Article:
The Department of the Army issued a request for proposals (RFP) for meals, lodging, and transportation for applicants arriving for processing at the Military Entrance Processing Station in Butte, MT. The RFP cover sheet characterized the procurement as a "commercial acquisition, using simplified acquisition procedures." The RFP advised that offers would be "evaluated on facility quality, food and transporation proposal, facility location, quality control, past performance and price factors", and that "technical/quality factors [would be] more important than cost or price." The RFP was silent on the relative weights of the non-price evaluation factors.

Six proposals were received, and the decision came down to two offerors: Finlen, the incumbent contractor, and Best Western. Finlen's price was significantly lower than Best Western's, but Best Western received a higher evaluation score. The contracting officer awarded the contract to Best Western based on "best value." Finlen protested the award because the RFP did not disclose the relative weights of the evaluation factors.

The Army pointed out that paragraph (a) of FAR 12.602, Streamlined Evaluation of Offers [for commercial items], which permits the use of the procedures in FAR 13.106, Soliciting Competition, Evaluation of Quotations or Offers, Award and Documentation, if the acquisition is being made using simplified acquisition procedures, states that "contracting officers are not required to describe the relative importance of evaluation factors." Paragraph (a)(2) of FAR 13.106-1, Soliciting Competition, states that "solicitations are not required to state the relative importance assigned to each evaluation factor and subfactor..." Therefore, since the solicitation was identified as a commercial procurement using simplified procedures, the withholding of the relative weights of evaluation factors was authorized and no further analysis was needed, the Army argued.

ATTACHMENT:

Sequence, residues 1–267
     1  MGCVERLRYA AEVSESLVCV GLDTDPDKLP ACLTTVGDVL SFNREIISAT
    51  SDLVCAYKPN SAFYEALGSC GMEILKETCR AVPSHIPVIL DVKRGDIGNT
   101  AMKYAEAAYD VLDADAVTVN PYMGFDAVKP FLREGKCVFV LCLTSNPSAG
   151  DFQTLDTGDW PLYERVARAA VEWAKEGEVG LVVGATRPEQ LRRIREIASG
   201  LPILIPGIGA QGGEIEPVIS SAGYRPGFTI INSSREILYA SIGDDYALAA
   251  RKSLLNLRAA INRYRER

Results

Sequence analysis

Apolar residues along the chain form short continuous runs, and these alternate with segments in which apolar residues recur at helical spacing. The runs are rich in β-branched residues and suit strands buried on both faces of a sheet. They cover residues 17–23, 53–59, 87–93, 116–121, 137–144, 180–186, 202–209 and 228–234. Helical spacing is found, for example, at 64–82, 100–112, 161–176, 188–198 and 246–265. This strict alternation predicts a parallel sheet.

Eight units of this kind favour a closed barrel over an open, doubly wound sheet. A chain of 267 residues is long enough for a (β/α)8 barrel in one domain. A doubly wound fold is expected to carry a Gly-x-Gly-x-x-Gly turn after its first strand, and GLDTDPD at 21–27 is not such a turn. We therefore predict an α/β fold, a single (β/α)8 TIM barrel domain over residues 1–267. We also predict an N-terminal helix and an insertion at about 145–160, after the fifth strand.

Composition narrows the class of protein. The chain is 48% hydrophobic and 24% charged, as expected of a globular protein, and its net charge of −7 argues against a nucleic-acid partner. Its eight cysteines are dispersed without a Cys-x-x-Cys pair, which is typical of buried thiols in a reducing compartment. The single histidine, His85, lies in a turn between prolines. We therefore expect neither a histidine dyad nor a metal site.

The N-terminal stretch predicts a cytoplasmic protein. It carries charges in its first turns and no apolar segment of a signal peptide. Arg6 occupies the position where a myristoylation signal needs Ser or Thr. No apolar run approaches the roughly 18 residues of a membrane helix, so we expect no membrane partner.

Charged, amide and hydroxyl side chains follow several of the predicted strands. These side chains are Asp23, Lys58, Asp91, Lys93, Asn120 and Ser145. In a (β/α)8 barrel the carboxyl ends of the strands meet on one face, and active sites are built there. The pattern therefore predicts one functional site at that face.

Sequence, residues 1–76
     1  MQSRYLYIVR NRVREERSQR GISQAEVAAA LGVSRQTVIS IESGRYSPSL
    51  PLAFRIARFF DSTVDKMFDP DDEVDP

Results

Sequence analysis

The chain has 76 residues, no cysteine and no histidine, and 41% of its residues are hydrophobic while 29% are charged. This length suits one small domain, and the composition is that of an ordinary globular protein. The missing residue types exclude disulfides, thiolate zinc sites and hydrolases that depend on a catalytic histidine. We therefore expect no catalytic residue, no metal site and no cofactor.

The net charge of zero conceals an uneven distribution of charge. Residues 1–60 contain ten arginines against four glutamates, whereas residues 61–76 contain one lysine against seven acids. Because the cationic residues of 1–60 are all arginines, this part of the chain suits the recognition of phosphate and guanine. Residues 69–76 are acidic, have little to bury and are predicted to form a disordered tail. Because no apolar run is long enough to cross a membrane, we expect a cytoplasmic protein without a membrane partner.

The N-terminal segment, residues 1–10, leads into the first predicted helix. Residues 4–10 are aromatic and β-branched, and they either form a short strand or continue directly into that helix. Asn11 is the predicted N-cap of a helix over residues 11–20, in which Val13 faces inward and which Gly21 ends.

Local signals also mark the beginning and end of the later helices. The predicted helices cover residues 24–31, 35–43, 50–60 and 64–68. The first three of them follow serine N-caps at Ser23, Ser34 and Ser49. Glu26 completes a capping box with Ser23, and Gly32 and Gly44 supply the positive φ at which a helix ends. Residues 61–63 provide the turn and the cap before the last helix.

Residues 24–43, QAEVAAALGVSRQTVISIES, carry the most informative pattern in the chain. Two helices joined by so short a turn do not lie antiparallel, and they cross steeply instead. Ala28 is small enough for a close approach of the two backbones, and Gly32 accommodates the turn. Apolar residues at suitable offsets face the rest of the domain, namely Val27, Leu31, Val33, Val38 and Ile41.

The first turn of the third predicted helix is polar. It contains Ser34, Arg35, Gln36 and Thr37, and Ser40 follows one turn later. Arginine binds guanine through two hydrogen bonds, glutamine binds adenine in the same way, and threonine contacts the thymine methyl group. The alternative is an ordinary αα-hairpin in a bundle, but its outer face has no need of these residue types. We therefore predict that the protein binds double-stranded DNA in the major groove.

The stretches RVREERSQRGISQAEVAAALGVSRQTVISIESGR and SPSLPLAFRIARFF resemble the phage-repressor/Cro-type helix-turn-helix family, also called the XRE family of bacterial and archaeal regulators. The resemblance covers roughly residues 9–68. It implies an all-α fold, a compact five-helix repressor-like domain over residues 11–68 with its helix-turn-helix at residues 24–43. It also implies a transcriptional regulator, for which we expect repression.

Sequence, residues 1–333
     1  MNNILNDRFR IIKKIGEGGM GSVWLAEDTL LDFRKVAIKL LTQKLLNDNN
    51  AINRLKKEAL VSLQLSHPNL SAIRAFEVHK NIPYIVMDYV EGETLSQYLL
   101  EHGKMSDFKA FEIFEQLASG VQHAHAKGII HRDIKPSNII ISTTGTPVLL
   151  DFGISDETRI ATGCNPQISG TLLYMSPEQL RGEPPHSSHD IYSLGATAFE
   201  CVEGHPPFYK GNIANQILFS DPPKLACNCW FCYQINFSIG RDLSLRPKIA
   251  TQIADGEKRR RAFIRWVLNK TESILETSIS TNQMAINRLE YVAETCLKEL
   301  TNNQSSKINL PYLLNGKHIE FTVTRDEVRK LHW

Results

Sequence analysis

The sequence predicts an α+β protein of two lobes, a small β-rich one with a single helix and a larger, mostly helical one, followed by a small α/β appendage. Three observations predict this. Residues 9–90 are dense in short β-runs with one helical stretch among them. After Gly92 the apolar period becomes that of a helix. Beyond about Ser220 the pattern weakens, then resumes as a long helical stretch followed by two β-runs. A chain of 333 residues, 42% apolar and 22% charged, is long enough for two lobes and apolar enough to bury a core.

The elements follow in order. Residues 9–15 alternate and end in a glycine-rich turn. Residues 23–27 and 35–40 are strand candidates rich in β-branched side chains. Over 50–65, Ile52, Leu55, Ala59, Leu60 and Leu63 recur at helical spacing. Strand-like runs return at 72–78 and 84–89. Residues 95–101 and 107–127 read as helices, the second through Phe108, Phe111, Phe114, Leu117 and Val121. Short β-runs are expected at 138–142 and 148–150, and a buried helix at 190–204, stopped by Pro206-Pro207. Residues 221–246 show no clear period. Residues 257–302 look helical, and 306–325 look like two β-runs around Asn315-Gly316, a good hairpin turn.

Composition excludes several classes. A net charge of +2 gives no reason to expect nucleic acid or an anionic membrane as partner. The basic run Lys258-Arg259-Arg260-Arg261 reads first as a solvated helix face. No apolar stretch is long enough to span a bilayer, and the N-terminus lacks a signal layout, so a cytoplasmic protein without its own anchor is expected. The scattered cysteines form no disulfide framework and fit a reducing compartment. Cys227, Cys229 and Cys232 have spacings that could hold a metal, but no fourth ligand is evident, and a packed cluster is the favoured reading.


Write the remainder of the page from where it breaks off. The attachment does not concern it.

GAO disagreed. "We look to the substance of an agency's actions, rather than form," GAO wrote. "In our view, the labeling of a procurement as 'simplified' does not absolve the agency from its obligation to treat vendors fairly...There is little about the procedures used in this procurement that can reasonably be called simplified. For example, the agency elected to use a request for proposal format that requires the commercial offerors...to prepare proposals addressing five non-price evaluation factors...Despite the 'simplified' label, this procurement is very similar to any other negotiated acquisition conducted under the rules set forth in FAR Part 15 [Contracting by Negotiation]. Those rules require that when offerors are asked to prepare detailed proposals, those offerors must be advised of the weight of all factors and signification subfactors that will affect the contract award."

GAO goes on to observe that when it asked the Army "to address why it would want to withhold this basic informatin from offerors preparing proposals, the agency answered 'that revealing the relative importance of factors may result in offerors skewing their proposals to the more important factors.' In addition, the Army argued that revealing the relative wieght of factors in the solicitation would hinder the agency's ability to change the weight of those factors during the course of its evaluation. In our view, neither of these considerations is appropriate under the circumstances of this, or any other, procurement, nor are they advisable for the integrity of the public procurement process."

Actions Related to September 11 and Anthrax Attacks

Many contract-related actions are being taken by the government in response to the September 11 and anthrax attacks: